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jun 09, 2017

Brazil’s Ministry of Agriculture commits to animal welfare standards

In April 2017, Brazil introduced a permanent committee to measure animal welfare standards in its food production supply chains. The Permanent Technical Animal Welfare Committee (CTBEA) aims to monitor how agricultural animals are treated in Brazil, ensuring that their handling sits in line with domestic laws.

One of the world’s leading producers of animal products, Brazil has been upping its animal welfare game over the last few decades. The CTBEA’s establishment is the latest in a string of progressive measures designed to uphold its ethical standards of animal treatment.
The new committee’s aim is to provide technical recommendations and standards for good practice regarding animal welfare. Its focus is on the livestock chain, hoping to ensure treatment standards for animals in every step of the agricultural supply chain.

The CTBEA will work with global reference centers, such as the World Organization for Animal Health (OIE), to build and uphold standards. Among its missions is the intention to request support and training for vets and agents who participate in the animal production supply chain.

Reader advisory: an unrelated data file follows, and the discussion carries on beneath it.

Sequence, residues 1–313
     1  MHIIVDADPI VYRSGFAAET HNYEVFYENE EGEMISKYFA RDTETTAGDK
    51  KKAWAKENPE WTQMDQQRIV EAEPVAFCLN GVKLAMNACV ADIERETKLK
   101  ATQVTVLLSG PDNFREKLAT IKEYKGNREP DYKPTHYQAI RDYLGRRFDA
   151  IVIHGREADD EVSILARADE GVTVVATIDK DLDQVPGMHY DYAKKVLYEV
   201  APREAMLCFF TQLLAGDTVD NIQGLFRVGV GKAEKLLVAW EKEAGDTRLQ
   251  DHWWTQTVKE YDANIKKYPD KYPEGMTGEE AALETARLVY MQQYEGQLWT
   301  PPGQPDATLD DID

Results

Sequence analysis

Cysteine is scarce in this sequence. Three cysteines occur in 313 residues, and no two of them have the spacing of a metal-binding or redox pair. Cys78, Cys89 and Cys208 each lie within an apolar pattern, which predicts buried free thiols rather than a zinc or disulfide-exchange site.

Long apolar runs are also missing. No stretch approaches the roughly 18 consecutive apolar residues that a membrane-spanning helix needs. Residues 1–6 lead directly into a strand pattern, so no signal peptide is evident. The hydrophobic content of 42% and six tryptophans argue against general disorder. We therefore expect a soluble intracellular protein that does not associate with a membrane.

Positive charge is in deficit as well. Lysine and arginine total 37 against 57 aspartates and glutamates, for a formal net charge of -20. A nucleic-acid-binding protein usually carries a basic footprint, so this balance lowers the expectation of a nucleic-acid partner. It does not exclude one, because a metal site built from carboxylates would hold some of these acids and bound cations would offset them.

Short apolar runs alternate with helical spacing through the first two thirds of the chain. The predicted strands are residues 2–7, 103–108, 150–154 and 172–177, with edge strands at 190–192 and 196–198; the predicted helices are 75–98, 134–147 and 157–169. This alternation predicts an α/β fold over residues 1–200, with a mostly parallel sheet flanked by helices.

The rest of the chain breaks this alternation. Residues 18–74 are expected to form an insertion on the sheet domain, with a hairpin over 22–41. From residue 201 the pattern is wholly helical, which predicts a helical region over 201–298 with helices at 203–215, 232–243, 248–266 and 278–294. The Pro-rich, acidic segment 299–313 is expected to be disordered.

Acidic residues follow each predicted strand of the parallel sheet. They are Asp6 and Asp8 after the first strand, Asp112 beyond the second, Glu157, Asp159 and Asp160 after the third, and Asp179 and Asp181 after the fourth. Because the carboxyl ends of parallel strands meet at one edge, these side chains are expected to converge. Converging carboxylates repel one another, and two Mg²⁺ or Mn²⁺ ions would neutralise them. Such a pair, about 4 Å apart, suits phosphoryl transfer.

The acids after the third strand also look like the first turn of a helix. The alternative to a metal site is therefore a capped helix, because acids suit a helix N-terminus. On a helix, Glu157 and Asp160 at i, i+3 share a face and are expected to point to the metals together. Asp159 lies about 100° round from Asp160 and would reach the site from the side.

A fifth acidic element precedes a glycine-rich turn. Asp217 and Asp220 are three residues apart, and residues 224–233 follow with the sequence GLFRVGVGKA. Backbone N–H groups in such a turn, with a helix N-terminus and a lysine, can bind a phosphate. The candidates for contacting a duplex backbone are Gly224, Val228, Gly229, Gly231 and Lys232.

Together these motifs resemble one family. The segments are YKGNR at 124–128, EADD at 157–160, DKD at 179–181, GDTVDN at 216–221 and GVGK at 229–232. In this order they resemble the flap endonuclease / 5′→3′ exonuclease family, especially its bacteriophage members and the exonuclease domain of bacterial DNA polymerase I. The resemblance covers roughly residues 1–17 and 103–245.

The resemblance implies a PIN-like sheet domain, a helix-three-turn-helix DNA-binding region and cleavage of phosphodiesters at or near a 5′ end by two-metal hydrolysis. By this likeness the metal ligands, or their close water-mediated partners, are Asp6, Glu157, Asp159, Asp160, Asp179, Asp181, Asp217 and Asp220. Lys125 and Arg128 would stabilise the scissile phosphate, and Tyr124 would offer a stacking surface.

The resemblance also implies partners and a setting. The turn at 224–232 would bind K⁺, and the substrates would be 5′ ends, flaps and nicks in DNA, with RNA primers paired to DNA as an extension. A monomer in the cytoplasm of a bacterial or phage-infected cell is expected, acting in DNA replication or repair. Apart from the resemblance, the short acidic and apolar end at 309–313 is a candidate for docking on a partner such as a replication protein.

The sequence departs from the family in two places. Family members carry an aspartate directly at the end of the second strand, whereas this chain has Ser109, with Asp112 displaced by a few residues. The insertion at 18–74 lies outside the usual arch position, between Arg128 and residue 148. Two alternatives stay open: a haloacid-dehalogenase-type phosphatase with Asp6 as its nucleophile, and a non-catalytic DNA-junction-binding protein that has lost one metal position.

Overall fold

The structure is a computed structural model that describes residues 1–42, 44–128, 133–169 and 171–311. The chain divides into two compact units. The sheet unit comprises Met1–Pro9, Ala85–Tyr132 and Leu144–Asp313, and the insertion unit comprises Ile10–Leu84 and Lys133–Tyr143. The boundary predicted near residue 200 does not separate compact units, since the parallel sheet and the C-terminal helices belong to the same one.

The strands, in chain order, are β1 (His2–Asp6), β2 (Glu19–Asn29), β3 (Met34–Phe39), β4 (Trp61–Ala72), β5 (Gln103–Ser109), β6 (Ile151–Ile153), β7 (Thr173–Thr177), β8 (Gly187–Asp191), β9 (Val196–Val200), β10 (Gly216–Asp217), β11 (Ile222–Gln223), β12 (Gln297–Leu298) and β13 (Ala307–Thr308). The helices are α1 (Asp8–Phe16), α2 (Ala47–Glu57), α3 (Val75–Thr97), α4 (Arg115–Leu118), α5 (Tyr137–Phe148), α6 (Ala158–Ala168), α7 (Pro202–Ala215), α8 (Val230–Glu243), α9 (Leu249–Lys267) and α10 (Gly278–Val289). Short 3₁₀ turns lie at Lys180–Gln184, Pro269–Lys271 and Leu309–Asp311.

It hopes to ensure that dialogues remain open for regional and national interests to be discussed, as well as global interests. The Committee will be made up of an executive secretary and representatives for agricultural defense, social mobility, rural production and cooperatives. Cabinet representatives will also report to the Brazil’s Minister for Agriculture.

The Committee’s creation is part of a process that first began nearly a century ago in Brazil. In 1924, the country introduced its first laws regarding livestock treatment by banning behavior towards recreational treatment of animals that caused them pain.
Since the beginning of the current millennium, Brazil has heightened its focus on protecting animals destined for agriculture. The country has put laws into place that minimize animal suffering in slaughterhouses, although these laws do not apply to birds. It also provides voluntary guidelines for the ethical rearing and transporting of livestock.

Moving forward, the CTBEA will be part of an important support network for Brazil. With billions of dollars of investment having gone into animal agriculture industry suppliers, the government actively encourages the industry’s growth. And as farming in the 21st century becomes more industrialised and production times become shorter, Brazil’s animal farmers have been shifting towards confinement models for livestock.
In 2010, Brazil had almost 1.5 million breeding sows in gestation crates at any given moment. Its largest pork producer, BRF, has committed to phase out use of gestation crates by 2026 – a process that the newly-formed CTBEA is likely to provide support for.